I am sitting on the side of a mountain on the step of our rented holiday home, thinking about our return to England. L has done so well while she has been away, but it’s not enough. She is still thin, of course, but anorexia also controls her all the time. She hovers and watches every meal preparation. She wants to know what she needs to eat each day. She has fear foods that still cannot be touched. I think she needs to be admitted to hospital to make the progress she needs.
I have been thinking a great deal this holiday about my best friend, Julie. We met on our first day at junior school and became friends at first meeting. We survived teenage years, universities 250 miles apart. We had our first babies within a year of each other. We talked in ways no one else understood and while we were quite different, we had that wonderful easy intimacy of the truly close.
In June 2000, Julie was diagnosed with Acute Lymphoblastic Leukaemia, at the age of 34. She had two young sons, the youngest only a year old. An acute illness like that comes from nowhere, it bangs on your door in the middle of the night without warning. It is never expected and there are very few signs. In our shocked state. Julie’s doctors reassured us, it was the “best” leukaemia, with a survival rate of over 90%.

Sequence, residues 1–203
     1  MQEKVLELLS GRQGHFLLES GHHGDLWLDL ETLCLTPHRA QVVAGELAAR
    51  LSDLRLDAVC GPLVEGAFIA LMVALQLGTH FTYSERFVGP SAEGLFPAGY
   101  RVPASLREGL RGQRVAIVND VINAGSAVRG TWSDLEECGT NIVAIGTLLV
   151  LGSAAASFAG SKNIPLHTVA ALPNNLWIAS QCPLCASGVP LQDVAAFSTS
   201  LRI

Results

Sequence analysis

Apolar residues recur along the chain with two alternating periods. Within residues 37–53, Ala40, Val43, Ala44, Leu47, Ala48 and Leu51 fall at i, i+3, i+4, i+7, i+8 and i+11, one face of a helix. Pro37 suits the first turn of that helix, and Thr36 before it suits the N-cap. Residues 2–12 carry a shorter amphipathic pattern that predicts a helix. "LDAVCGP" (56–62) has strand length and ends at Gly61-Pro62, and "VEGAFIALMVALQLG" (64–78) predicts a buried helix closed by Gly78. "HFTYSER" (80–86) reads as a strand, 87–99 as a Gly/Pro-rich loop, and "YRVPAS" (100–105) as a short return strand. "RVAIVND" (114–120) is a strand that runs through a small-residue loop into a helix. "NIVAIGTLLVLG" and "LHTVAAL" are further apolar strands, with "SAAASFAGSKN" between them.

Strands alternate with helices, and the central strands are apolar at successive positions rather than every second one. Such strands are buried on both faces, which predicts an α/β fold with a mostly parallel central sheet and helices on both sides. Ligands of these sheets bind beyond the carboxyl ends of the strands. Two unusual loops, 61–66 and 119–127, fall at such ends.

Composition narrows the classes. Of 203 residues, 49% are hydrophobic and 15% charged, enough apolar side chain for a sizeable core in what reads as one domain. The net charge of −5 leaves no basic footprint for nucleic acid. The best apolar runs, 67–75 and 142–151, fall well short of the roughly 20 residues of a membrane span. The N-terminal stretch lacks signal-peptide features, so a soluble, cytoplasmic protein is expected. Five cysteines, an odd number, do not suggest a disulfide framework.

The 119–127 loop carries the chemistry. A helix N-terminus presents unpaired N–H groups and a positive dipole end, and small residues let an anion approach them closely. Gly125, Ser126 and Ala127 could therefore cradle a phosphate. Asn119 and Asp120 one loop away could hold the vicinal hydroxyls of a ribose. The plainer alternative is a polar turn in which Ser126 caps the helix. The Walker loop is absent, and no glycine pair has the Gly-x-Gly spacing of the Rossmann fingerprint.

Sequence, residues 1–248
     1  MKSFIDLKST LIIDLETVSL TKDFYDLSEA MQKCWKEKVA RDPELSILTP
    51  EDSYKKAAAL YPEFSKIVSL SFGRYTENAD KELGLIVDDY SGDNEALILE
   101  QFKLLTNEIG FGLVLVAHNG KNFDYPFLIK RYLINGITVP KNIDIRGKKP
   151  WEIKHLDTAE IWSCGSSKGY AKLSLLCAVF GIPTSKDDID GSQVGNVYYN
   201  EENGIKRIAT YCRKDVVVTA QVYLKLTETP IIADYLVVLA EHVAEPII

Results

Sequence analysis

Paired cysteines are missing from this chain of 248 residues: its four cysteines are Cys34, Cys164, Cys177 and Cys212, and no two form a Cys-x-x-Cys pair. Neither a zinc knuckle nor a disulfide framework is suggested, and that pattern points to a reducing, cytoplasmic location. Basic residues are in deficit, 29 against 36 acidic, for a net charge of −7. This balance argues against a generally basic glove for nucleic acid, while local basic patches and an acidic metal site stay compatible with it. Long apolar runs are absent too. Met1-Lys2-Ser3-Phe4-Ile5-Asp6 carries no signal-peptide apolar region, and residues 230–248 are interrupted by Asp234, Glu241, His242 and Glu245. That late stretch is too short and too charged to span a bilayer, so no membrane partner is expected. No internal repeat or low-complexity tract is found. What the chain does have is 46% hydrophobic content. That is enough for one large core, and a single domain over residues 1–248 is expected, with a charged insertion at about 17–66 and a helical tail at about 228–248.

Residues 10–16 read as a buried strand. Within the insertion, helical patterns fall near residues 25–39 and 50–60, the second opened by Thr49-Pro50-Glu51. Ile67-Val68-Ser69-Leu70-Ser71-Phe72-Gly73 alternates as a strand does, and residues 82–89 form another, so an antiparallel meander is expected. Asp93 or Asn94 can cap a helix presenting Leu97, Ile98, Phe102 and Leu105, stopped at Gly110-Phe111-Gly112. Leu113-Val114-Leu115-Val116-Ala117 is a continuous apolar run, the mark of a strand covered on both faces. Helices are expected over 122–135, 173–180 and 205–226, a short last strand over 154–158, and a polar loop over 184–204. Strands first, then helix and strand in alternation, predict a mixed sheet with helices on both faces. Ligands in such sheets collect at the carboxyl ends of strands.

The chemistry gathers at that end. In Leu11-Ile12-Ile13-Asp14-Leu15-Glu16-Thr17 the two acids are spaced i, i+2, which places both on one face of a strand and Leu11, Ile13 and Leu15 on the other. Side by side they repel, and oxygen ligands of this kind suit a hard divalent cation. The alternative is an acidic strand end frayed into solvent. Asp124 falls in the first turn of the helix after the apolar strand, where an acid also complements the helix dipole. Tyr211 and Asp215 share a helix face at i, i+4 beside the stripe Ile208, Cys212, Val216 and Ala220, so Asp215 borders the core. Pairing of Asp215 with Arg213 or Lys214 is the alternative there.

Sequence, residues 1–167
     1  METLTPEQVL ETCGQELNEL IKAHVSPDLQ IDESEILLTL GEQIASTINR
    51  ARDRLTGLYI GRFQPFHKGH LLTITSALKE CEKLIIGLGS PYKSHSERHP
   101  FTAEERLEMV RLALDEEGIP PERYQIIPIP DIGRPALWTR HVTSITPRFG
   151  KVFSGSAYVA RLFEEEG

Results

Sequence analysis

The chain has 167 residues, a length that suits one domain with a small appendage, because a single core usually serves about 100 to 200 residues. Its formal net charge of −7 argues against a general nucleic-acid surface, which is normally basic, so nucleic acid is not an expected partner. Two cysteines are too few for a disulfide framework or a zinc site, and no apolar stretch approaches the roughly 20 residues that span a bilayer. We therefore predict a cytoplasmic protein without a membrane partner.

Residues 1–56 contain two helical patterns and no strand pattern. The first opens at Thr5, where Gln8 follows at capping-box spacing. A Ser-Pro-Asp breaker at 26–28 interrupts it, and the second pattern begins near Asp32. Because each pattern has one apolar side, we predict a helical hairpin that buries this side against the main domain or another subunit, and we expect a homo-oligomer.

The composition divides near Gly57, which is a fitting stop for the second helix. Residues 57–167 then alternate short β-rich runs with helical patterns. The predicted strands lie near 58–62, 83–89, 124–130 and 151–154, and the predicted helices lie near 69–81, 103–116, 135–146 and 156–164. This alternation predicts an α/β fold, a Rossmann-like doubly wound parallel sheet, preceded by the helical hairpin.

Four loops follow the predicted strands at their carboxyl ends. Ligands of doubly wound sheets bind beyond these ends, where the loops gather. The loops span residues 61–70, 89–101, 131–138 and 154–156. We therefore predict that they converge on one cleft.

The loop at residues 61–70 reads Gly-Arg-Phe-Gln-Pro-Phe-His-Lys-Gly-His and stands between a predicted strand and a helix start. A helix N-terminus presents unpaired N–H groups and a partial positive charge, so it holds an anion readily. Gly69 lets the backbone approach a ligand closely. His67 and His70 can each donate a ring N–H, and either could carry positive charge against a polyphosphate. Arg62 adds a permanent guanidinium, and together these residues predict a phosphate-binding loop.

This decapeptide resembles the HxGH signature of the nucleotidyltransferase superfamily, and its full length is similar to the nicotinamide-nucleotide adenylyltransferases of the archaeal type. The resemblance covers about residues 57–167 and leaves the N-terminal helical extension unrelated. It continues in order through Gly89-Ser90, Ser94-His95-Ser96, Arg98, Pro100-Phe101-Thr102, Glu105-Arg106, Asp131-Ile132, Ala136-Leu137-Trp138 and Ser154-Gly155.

The treatment started, a cure much worse than the illness. Chemotherapy poisons the patient, hoping to kill the cancer, but save the patient. It doesn’t always work. Four months of hairloss, vomiting, infections and institutionalisation. Then a bone marrow transplant, a treatment which leaves internal organs intact, but is nonetheless invasive and takes the patient to a precipice of life and death. The leukaemia returned in six months and the cycle of treatment continued, with options falling by the wayside each time. Remission was shorter and shorter and two years after diagnosis, Julie opted for palliative low dose chemotherapy. Within six weeks, septicaemia set in and Julie spent her last few months in an oncology ward, with daily blood transplants to keep her alive. Pneumonia saw her off in the end, on November 9 2002. She was 37 and her sons 6 and 3. She left birthday cards and gifts for each major birthday. She left me earrings and a request to speak at her funeral, which I did even though I felt my life had fallen apart.
What does this have to do with L. The mortality rates for ALL and anorexia are about the same. The cure for L is not poison in the form of chemotherapy or the body blasting radiotherapy. It is food and therapy. And it will be difficult and hard in the beginning, but it will.work. Unlike cancer, there are more guarantees with anorexia. If L achieves and maintains a healthy body weight she will stand a chance of getting better. If she works with the therapists trying to help her, she will be cured. Julie had no such guarantees, but she endured treatment which was dreadful and ultimately unsuccessful. This makes me angry, at anorexia, not L. She is losing a present, possibly a future and she still doesnt see how serious it is. Anorexia lures her into believing she isn’t really ill and pulls her away from a cure which essentially is just food, love and a helping hand.